Equifax and FICO team up on new credit scoring tools

By UK CreditCards.com

Credit report firm Equifax and predictive analytics provider FICO have announced a new agreement under which they will develop new credit scoring analytics for the UK market.


The tools should help credit card providers to decide whether or not to approve an application, potentially reducing the losses that are made when a cardholder is unable to repay their debts.

Analytics will assess consumers' capacity to handle extra credit
The first of Equifax and FICO's new analytics will assess individual consumers' capacity to cope with extra credit -- an important factor when determining whether or not to approve an application for a new credit card or extend an existing cardholder's credit limit. Another of the new tools will show how a potential customer's risk would change under a range of different economic conditions, reflecting the fact that external factors can affect a person's ability to make repayments.

"A core goal of the Equifax/FICO alliance is to enable lenders to build greater understanding of risk into their customer acquisition, retention and management strategies," said Shawn Holtzclaw, managing director of Equifax UK. "The new scores will be a breakthrough for the UK, facilitating responsible lending and helping lenders to sustain profitable growth."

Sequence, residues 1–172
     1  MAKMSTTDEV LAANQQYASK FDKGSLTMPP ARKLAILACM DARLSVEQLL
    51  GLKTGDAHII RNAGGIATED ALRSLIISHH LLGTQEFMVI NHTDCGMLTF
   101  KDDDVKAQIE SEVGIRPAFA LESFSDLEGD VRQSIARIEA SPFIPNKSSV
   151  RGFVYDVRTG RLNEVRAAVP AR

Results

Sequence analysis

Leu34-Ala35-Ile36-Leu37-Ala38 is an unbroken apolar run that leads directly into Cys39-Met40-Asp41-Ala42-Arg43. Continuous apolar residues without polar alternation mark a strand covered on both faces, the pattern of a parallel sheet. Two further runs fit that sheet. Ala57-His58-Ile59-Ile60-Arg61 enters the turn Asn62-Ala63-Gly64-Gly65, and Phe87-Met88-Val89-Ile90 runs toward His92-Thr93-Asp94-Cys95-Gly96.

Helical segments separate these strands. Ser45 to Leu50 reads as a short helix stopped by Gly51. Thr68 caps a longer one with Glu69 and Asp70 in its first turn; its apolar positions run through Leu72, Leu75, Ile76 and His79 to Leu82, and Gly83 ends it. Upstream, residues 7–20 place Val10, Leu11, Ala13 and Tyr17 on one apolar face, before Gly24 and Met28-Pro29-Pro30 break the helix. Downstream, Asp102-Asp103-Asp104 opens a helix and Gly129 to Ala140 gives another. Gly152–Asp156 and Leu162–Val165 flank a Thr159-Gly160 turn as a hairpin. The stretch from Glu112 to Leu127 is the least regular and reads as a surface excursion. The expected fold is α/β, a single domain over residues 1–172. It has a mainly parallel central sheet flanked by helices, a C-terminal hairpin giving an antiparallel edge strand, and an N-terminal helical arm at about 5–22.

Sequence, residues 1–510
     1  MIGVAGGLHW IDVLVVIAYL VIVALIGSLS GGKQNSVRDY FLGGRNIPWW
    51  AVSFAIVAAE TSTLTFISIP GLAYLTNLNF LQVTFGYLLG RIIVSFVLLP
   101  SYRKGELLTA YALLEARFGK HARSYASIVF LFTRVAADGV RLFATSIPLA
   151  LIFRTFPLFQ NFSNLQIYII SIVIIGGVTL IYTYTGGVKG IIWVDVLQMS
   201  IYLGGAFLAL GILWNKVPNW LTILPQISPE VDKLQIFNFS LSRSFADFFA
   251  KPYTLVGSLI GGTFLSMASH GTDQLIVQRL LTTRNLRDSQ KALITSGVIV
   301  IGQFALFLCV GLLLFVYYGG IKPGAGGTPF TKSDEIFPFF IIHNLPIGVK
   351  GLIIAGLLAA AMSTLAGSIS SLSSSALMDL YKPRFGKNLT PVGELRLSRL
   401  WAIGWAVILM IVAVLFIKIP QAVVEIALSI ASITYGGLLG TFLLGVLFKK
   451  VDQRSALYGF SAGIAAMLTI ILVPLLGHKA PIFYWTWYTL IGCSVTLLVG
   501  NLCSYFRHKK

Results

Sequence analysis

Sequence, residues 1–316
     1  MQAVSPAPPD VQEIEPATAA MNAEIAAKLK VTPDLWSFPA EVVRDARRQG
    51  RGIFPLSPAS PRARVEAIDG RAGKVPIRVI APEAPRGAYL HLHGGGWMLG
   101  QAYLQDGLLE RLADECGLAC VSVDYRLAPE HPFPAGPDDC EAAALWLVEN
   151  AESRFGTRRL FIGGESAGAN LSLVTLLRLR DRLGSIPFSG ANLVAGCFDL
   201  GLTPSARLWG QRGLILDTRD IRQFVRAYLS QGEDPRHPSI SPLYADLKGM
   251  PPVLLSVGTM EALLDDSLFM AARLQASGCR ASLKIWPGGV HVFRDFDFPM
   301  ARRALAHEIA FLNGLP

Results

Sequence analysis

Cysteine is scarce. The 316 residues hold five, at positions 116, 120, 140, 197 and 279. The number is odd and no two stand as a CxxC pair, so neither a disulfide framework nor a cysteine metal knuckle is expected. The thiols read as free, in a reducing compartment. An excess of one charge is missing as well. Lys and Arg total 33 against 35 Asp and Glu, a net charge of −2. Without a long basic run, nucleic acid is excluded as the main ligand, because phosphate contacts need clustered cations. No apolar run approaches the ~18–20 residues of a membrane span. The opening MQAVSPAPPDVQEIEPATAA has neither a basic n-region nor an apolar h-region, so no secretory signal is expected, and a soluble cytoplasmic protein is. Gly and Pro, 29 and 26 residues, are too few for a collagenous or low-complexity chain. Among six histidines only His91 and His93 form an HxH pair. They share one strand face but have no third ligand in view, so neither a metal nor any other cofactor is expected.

Mike Gordon, FICO's vice-president and managing director for Europe, the Middle East and Africa, claimed that the scoring innovations "are breaking new ground in the UK".

"The sluggish economic recovery has put additional pressure on British consumers and their debt obligations," observed Mr Gordon. "We are working with Equifax to develop scoring solutions that enable healthy lending growth that benefits consumers, lenders and the economy."

Lenders 'excited' by new concept
Equifax and FICO's forthcoming analytics have been welcomed by industry members, including HSBC. Mark Thundercliffe, the bank's chief credit officer in the UK, said he was "excited" about this new approach to credit scores. Mr Thundercliffe said the new scores would help to drive high credit quality standards, while enabling HSBC to grow its business in compliance with industry regulations. He added that the bank was "committed" to testing the new concepts and helping to develop powerful risk scoring solutions.

Consumers set to benefit too
Improvements to the way in which lenders assess applicants will also be beneficial for consumers, as they will help to encourage responsible borrowing. Another likely benefit is that, as lenders become more able to spot risky consumers, they may be inclined to make better offers to those who are deemed less of a risk. This, coupled with the fact that lenders now only have to offer their best advertised rates to 51% of successful borrowers instead of the previous 66% thanks to the recent Consumer Credit Directive, means that people who compare credit cards may be able to look forward to better rates in the future, as long as they have a good credit record.

See related: More consumers are checking their credit; Study: Many Brits lack key knowledge of credit scores

Published: 29 September 2011